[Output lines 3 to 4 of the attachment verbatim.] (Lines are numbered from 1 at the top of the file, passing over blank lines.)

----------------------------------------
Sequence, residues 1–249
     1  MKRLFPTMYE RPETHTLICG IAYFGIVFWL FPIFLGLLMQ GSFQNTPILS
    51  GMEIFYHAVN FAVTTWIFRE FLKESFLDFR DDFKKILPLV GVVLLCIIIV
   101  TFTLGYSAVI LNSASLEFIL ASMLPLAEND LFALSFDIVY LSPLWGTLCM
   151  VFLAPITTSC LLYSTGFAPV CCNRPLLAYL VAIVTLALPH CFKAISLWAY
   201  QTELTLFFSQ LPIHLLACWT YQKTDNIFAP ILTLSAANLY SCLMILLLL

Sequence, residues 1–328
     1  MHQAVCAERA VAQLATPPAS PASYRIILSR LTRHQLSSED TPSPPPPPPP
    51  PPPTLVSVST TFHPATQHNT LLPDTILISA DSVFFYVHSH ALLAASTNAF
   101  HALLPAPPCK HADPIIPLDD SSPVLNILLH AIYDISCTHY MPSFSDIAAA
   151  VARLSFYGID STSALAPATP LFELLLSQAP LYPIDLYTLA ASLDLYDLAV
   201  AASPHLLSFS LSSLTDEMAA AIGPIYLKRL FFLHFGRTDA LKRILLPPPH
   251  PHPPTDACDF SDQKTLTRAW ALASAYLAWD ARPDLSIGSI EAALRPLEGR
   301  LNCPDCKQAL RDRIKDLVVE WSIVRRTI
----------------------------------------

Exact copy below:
    51  GMEIFYHAVN FAVTTWIFRE FLKESFLDFR DDFKKILPLV GVVLLCIIIV
   101  TFTLGYSAVI LNSASLEFIL ASMLPLAEND LFALSFDIVY LSPLWGTLCM